Sunday, March 7, 2010

1958: Bonjour Tristesse (Otto Preminger)

1958: Bonjour Tristesse (Otto Preminger)

When I first started this countdown, I mentioned that some of these entries would come from memory, things I may not have seen for a very long time.  Right or wrong, I have always given great value to the lasting impression a movie makes.  Some movies almost evaporate as if I never saw them.  Others expand and become forever embedded (even if in some other form) in my movie memory.  


For instance, I can't remember that much that is tangible about Bonjour Tristesse, yet it is the impression of it that remains so strong.  I can remember Jean Seberg in it as one of the most alluring screen presences.  And I can remember a certain uncharacteristic "softness" in the cinema of Preminger, something for him that seemed far more romantic, more poetic, more tender. 


I can't even fully remember the story well enough to say much more, but instead I am trusting the abstract, intangible impression it has left.  For whatever it's worth, I remember loving it after I watched it, but now that I can hardly remember it, I love it even more.



Other contenders for 1958: I don't have quite as many gaps this year.  These include: Roberto Rossellini's India, Jacques Tati's Mon Oncle, Douglas Sirk's A Time to Love and a Time to Die, Nicholas Ray's Wind Across the Everglades, Andrzej Wajda's Ashes and Diamonds, Jacques Tourneur's Curse of the Demon, Stanley Kramer's The Defiant Ones, Luis Bunuel's Nazarin, Don Siegel's The Lineup, Youssef Chahine's Cairo Station, Budd Boetticher's Buchanan Rides Alone, Satyajit Ray's The Music Room, and Keisuke Kinoshita's The Ballad of Narayama.  I probably should revisit Alfred Hitchcock's Vertigo at some point soon as I've never connected with it on the same level as some other Hitchcock.  But from this year, I do love Anthony Mann's Man of the West, Jacques Becker's Montparnasse 19and Orson Welles' Touch of Evil.  And as one of my closest runners-up yet and one that slightly pains me to not have as a top pick, Vincente Minnelli's Some Came Running.

2/20/11 I watched Jacques Tati's Mon Oncle.  There's no one quite like Tati in the history of cinema.  And how I'd love to see a Tati film now and see what he'd make of all the technological absurdities we have.   He's really a master when it comes to using sound and some of the gags here are laugh out loud funny.  But like much of his work, it can grow a little tedious by the end. 


3/31/11 I watched Andrzej Wajda's Ashes and Diamonds.  One of the most unconventional noirs.  Stylish with extremely effective and expressive camerawork.  Some unusual cross-cutting for its day and a guttural and visceral finale.  Not there all the time with it, but when I am, it's very strong.   


4/16/11 I watched Satyajit Ray's The Music Room.  A strange film with some scenes of beautiful music and dancing.  I'm still trying to understand the tremendous reputation that Ray enjoys.  I understand this one as an interesting mediation on class, age, and wealth, and the difficulties of facing the reality that all of the things might be lost one day.  But the film never grabbed me and seemed far too interested in atmosphere than drama of any kind.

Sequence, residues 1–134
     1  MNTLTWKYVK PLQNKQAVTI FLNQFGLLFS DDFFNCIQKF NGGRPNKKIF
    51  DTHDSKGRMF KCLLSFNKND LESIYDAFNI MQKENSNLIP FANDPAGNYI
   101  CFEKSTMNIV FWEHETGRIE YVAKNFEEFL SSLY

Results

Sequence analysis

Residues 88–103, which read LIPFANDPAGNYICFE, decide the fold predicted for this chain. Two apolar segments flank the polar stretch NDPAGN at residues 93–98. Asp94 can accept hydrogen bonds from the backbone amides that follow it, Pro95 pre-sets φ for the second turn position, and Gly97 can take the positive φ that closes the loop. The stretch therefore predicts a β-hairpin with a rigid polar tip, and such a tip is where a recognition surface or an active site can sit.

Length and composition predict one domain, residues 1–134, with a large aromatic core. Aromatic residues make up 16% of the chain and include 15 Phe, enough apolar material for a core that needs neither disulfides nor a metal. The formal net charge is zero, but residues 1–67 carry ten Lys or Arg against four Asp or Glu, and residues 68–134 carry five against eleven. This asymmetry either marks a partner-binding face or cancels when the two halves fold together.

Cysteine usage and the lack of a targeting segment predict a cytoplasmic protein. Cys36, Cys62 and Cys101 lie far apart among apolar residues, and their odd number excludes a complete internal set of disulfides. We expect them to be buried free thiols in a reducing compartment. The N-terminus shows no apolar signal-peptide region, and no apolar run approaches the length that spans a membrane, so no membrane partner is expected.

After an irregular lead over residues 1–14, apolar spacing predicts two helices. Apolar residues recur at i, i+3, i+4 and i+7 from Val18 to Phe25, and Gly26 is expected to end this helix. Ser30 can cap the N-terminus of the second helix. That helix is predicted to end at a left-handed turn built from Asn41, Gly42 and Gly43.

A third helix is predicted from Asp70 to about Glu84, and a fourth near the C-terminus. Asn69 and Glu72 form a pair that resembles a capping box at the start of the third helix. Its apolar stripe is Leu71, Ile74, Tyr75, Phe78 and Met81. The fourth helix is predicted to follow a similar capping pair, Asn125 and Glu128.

5/5/11 I watched Irving Lerner's Murder by Contract.  Another Scorsese favorite, this noir is utterly unique in terms of its tone.  Much of its difference comes from its Flamenco-like score that gives the film a very offbeat, bouncy and buoyant feel, in the midst of a good amount of darkness.  Vince Edwards gives a tremendous performance, and although spare and lean, the production always feels formally clean and clear.   A very strong, lesser-known work.  


12/26/11 I watched Yasujiro Ozu's Equinox Flower.  Definitely treads on familiar Ozu territory although to less effect than some of the master's greatest films.  Still worth a look though for major Ozu fans. The arc of the dad is particularly memorable.  


1/14/12 I watched John Sturges' The Law and Jake Wade.  Surtees does tremendous work yet again with town and landscape.  And of course, Widmark is always fresh, spirited, and full of extremely unique choices. It's a pretty hard-hitting, no-holds-barred little western.  Certainly worth a watch.  


2/25/12 I watched Youssef Chaine's Cairo Station.  Not sure I'd go so far as to call it a masterwork, but it's an incredibly ambitious neorealist work with an absolutely amazing lead performance and some truly fantastic moments.  

9/19/15 I watched Jean-Luc Godard's Charlotte et son Jules.  I think it is the first time I have seen this pre-Breathless short.  It is nothing earth shattering but nice to see as a Godard completist and to see certain stylistic touches, such as the hallmark Godard soundtrack ruptures, already firmly within his palatte. 

1/3/16 I watched Agnes Varda's Du cote de la cote.  A pretty mediocre, early effort from Varda.  The voiceover rhythms are very Nouvelle Vaguish but the rest was never very enthralling.

3/10/16 I watched Jacques Tourneur's The Fearmakers.  Some of the plotting, if you think about it more than a couple of seconds, doesn't hold together.  But this very minor Tourneur is somewhat interesting for Andrews' presence and as another Tourneur entry into noir, this time a contribution to the amnesiac noir.   

5/2/17 I watched Nicholas Ray's Wind Across the Everglades.  Ray made numerous films that were haunted with very dark characters spiraling deep, and almost uncontrollably, into their own obsessions and struggles.  His visual sense of abstraction was among the greatest the medium has ever seen and his diseased tone potentially more unique and consistent than that of any auteur.  I have now seen early Christopher Plummer twice (here and in The Silent Partner).  His ability to tap the hysteria within his own compulsion is a perfect match for the sensibility of Ray and his talent simply remarkable.  It is a shame more people do not discuss this work as it is the rawest, most uncompromising Ray film I have seen to date.